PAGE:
You’ll remember I wrote this for the Sunday Express earlier this month. It was followed up by the Times and the Telegraph; it also caused outrage in India.
Seb Coe’s decision to allow Dow Chemical to try and detoxify its brand by sponsoring the 2012 stadium doesn’t exactly sit right with his boasts about leaving a legacy in east London free of contamination. Other than Coe, Boris Johnson and Sports Minister Hugh Robertson (who professed himself “delighted” at this month’s announcement), I don’t know one person who is happy with Dow’s involvement.
Since that original article, I’ve learnt that Dow’s wrap is not purely for decorative purposes: it will also act as a windshield against gusts blowing into the main arena that will hinder potential world records. It’s all for PR therefore.
Are we really saying that we couldn’t find a few million quid to fund our own unbranded wrap?
At the weekend, Labour’s Keith Vaz, who had just returned from India, offered his own thoughts in the Sunday Express here. This one is going to run.
A CAMPAIGN is mounting to force David Cameron to intervene in a row over a controversial sponsorship of London’s Olympic stadium.
Senior MP Keith Vaz has expressed “amazement” at a decision by Games boss Lord Coe to ask Dow Chemical to fund a £7million fabric wrapping bearing the company’s symbol that will adorn the stadium next year.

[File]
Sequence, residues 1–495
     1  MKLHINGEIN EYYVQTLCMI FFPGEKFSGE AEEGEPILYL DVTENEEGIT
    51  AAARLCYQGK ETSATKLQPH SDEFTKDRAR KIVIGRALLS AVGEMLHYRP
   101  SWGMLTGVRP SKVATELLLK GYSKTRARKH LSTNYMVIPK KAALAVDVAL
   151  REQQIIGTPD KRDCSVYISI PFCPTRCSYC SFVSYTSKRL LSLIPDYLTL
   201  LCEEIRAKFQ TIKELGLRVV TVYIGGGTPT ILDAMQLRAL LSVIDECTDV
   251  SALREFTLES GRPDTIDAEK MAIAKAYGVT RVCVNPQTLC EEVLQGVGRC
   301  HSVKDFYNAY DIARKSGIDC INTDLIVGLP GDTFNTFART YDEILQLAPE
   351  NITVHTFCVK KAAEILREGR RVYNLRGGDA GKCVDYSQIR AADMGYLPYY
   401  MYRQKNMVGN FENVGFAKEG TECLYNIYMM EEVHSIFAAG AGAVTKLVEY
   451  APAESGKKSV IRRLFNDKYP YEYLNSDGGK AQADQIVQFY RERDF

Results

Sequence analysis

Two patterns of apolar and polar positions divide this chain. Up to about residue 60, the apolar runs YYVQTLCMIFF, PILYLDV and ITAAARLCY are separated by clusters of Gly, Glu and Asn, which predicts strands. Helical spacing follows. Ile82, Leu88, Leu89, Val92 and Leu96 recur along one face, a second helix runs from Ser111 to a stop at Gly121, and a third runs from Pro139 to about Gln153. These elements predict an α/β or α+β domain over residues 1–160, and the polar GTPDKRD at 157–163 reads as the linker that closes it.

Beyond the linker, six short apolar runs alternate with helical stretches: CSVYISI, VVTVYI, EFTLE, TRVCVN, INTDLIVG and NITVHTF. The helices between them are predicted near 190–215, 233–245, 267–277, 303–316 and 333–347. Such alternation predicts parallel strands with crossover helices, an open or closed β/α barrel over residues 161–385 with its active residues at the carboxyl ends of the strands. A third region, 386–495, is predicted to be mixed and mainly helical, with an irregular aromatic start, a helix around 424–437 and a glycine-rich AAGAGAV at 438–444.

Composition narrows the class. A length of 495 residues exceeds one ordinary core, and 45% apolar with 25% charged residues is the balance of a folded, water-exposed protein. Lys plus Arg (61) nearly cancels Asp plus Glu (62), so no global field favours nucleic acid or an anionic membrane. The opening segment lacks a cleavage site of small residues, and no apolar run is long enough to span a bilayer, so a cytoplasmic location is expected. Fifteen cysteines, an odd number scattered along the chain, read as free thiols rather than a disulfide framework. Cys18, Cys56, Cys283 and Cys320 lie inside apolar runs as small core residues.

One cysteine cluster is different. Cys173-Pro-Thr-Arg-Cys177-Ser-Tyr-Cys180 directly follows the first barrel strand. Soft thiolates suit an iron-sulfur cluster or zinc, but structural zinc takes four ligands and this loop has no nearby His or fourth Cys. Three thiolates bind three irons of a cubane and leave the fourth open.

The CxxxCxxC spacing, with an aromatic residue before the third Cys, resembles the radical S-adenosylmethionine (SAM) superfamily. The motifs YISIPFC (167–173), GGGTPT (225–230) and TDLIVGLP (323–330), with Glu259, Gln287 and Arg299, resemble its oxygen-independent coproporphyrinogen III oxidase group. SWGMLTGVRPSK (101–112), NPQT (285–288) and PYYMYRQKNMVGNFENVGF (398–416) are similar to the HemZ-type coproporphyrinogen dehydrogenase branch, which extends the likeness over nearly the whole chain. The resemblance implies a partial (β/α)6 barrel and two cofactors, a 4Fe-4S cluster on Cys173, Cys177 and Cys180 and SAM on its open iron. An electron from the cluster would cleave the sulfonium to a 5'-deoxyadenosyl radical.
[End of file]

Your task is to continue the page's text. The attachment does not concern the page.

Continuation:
He has told Dow that if it has money to spare it should be donated to the victims of the Bhopal chemical plant.
Dow is the owner of Union Carbide, which operated the plant in India which suffered a catastrophic gas leak in 1984. Campaigners claim that and groundwater pollution before and after has killed up to 25,000 people. Although Dow says it didn’t own Union Carbide until 2001 and that a “full and final” settlement of $470million (£285million) was agreed with India in 1989, campaigners say the plant’s pollution causes babies to be born maimed to this day.
A Sunday Express article two weeks ago has provoked fury in India where politicians and Olympians have even called for a boycott of the London Games. Many highlight the irony of Lord Coe’s boast to have cleaned up a contaminated site in east London, only to help Dow detoxify its legacies now.
The International Campaign for Justice in Bhopal has written to Indian Prime Minister Manmohan Singh, urging him to register an official protest with David Cameron to say that Dow is a “fugitive from justice”.
Dow remains the subject of a number of civil and criminal court actions in India. Last year, the Indian government filed its own court case asking Dow for another $1.1billion.
In their letter to Mr Singh, the campaigners write: “We have been waiting for you to register a strong objection to the UK Government.”
Labour MP Mr Vaz said: “Dow should honour the $1.1billion commitment if they feel they have enough to pay for the Olympics.”